On how market trends may affect the industry, Keshinro said: “The dynamics of the oil market keep changing with new trends and we need to prepare for this to enable us benefit from the market potentials. With the technological shift from fossil fuels to clean energy, electric vehicles being promoted in Asia, U.S. and Europe means lower demand for oil. Production of battery parts will increase.

“Base oils that are being used are being refined for lesser emissions. We are a couple of years behind. We do not even have the regulations to check emissions as a way to control it like the western world is doing. Nigeria is dependent on old technologies and that might be a blessing in disguise. The industry might not fall apart. We need a shift in electricity supply to embrace transition.

“Automotive and other forms of transportation dominate the volume of oil demand in Nigeria and other African countries. There is a need for a local refinery for base oil. It makes sense to refine locally. Nigeria supplies Sub-Saharan Africa (SSA) most of its inputs and having a refinery would help to address importation and improve export. Our policies need to encourage people to consume locally produced goods.”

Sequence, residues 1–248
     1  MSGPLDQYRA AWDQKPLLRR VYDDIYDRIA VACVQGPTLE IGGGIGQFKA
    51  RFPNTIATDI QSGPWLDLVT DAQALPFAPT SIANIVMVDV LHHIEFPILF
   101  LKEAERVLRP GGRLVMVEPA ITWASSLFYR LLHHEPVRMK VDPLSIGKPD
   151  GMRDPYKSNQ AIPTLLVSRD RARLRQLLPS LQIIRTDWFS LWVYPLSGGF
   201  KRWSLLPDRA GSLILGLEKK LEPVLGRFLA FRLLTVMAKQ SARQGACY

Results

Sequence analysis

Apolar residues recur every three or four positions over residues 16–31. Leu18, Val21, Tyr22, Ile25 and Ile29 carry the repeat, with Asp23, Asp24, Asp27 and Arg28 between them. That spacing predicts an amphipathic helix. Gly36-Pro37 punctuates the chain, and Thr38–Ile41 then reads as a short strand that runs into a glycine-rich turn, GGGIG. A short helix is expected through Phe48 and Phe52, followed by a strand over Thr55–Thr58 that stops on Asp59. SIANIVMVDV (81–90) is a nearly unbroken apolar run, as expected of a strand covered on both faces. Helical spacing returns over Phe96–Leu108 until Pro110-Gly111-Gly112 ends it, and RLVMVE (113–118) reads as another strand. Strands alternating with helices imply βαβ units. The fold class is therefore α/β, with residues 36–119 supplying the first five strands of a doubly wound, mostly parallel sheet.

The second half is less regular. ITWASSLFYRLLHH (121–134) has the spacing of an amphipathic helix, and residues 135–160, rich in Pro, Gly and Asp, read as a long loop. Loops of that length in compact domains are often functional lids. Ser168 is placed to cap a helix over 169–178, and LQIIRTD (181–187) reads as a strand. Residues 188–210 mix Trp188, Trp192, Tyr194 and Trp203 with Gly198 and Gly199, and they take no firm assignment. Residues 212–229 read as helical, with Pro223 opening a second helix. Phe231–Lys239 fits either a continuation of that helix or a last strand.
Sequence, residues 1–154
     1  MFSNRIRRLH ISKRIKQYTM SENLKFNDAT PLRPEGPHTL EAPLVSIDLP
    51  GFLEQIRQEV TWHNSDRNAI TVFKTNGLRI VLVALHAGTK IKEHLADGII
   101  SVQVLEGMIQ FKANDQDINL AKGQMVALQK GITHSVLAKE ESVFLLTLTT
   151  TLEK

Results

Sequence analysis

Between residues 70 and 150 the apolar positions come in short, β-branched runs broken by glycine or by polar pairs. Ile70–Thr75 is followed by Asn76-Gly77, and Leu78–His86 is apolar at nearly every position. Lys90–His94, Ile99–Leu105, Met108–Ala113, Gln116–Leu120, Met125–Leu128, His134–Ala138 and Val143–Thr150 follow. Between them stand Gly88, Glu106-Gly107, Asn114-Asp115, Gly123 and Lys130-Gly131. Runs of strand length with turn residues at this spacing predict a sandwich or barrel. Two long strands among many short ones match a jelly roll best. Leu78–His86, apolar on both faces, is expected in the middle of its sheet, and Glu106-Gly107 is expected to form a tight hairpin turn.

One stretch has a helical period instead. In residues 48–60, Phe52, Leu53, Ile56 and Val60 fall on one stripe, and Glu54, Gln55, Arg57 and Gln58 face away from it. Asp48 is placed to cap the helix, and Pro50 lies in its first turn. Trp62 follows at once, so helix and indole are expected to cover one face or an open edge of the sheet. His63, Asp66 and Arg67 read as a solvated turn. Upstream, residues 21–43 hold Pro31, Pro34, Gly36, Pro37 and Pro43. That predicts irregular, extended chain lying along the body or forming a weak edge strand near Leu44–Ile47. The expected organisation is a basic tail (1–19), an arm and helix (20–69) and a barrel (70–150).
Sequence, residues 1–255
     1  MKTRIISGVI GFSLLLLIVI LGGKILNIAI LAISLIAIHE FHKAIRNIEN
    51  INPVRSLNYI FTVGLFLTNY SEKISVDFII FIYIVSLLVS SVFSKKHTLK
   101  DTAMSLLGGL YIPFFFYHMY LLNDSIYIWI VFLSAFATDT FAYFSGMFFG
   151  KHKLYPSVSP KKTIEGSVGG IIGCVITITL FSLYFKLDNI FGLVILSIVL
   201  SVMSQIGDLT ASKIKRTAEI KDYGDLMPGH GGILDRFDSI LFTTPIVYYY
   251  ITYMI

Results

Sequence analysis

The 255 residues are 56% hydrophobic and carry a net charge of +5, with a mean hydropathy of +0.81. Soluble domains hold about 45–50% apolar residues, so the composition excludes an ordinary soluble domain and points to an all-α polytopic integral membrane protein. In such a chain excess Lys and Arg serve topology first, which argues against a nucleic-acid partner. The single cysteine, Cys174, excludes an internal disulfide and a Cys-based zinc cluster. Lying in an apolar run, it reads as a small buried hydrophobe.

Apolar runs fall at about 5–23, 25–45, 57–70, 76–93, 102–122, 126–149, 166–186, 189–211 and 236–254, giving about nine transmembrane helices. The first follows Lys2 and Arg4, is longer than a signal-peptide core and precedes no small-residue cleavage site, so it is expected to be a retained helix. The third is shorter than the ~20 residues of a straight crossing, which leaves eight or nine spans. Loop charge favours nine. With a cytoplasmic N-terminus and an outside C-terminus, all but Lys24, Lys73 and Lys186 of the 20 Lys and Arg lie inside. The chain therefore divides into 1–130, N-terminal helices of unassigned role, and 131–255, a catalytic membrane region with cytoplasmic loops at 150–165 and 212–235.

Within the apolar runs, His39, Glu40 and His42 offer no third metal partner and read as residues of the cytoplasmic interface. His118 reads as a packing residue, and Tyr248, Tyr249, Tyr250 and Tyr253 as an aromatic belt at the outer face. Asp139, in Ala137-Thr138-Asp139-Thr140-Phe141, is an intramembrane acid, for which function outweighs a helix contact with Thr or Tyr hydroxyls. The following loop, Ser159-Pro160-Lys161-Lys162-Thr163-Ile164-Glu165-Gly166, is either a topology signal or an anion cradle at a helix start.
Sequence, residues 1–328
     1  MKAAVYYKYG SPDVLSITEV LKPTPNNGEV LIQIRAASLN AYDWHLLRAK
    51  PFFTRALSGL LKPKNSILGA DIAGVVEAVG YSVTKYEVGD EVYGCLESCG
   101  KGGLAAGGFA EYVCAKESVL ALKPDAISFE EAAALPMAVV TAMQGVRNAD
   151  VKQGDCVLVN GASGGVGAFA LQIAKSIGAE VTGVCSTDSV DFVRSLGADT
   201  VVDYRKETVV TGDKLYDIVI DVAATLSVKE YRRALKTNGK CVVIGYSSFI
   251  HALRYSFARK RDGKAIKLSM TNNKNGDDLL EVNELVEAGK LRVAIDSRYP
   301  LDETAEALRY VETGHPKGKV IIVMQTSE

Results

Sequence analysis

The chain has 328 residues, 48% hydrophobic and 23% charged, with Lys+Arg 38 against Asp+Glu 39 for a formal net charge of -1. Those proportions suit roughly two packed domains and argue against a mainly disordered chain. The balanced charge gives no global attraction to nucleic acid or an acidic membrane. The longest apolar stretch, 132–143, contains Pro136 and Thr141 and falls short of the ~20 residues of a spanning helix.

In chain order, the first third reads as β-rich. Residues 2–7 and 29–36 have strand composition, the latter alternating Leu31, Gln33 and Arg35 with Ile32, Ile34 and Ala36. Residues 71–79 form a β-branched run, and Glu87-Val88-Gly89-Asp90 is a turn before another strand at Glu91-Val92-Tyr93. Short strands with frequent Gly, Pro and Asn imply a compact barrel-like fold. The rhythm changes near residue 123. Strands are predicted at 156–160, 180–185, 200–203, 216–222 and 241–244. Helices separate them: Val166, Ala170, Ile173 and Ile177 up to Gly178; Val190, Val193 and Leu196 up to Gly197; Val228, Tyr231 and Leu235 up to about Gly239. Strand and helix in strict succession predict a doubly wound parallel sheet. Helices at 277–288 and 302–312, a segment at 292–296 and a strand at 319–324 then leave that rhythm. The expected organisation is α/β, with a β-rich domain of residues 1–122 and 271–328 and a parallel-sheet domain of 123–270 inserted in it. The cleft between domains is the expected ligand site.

The Lagos Chamber of Commerce and Industry (LCCI) had said accelerated domestic refining and processing of petroleum products would end the unstable petroleum pricing in the country. Director-General of the Chamber, Dr Muda Yusuf, noted that the country continues to pay huge price for non-existent local refineries in the form of inefficiency, corruption and wastage.

The Managing Director, LUBCON Limited, Taiye Williams, at the recent lubricants conference, stated that the sophistication of the market-determined the introduction of synthetics into the market, adding that COVID-19 has impacted the importation of lubricants into the country, especially the synthetics. He equally lamented the lack of infrastructure in the local market to drive production.

Source Guardian